Why is it when black people talk about issues affecting blacks and black communities, we are asked, “why are you getting angry?”

That is hilarious.

What’s even more hilarious is that often we deny it, even though the pitch in our voice has increased, our blood pressure is elevated and every other stress response in our bodies is in full “fight mode.”

The question is, what is wrong with being angry? By definition, anger is merely a strong feeling of annoyance, displeasure or hostility. I agree with annoyance and displeasure, but I only become hostile when provoked. Nevertheless, it’s what I opt to do with my annoyance, displeasure and (provoked) hostility that is often perceived as the issue.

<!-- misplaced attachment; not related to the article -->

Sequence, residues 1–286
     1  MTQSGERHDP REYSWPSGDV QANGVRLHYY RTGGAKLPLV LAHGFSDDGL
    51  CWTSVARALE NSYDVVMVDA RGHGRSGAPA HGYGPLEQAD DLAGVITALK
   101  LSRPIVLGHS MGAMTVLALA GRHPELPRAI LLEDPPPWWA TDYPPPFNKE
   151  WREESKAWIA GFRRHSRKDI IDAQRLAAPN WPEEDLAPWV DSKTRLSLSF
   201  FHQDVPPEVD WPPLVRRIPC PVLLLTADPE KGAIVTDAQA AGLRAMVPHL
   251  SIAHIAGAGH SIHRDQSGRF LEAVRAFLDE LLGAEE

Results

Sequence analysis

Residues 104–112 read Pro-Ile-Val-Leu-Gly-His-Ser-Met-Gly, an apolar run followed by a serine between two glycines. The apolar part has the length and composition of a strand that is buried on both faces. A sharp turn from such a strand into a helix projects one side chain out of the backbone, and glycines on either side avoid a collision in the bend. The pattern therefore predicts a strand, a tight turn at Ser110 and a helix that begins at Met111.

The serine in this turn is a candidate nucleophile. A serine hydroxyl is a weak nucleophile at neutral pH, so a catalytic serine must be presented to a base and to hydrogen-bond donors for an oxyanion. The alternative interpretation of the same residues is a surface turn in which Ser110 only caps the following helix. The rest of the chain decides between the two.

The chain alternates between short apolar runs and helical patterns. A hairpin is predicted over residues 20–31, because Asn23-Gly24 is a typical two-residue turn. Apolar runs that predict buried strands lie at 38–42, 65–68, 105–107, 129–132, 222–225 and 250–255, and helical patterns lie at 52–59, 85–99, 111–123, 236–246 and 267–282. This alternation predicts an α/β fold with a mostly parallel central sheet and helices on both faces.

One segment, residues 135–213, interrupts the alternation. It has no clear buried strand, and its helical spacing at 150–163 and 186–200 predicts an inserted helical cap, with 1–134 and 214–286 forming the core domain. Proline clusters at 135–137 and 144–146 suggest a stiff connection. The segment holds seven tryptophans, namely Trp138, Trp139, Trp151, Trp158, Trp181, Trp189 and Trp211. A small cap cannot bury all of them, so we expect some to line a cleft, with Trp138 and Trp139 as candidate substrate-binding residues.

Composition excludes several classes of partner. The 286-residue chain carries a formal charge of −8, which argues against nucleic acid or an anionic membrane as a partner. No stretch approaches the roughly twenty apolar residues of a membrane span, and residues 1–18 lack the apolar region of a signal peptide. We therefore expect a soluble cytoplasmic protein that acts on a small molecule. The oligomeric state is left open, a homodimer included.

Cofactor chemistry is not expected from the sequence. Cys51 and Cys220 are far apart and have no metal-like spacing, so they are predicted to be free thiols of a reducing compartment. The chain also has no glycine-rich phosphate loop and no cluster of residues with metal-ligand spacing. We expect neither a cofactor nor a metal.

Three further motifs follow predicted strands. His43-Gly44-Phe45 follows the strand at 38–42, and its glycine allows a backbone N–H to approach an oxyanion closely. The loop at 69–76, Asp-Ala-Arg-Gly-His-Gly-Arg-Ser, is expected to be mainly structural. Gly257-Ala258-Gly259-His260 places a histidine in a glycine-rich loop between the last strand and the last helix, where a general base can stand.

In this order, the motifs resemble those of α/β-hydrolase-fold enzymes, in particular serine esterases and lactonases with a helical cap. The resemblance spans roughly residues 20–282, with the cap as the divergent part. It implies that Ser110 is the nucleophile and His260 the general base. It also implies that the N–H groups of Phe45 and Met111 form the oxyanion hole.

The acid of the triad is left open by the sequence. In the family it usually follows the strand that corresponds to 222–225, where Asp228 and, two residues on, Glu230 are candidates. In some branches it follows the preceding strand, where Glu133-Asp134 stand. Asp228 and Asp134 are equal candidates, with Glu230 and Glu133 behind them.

For me, I choose to use my words. I remember being told, “words can’t hurt you.” Have you ever heard, “those are fighting word.” Because words, spoken or written can be powerful.

What’s perceived by some as anger, is merely self expression to others.

In fact, if you were to look at and understand some of the disparities experienced by blacks in the U.S., you would be angry too!  IJS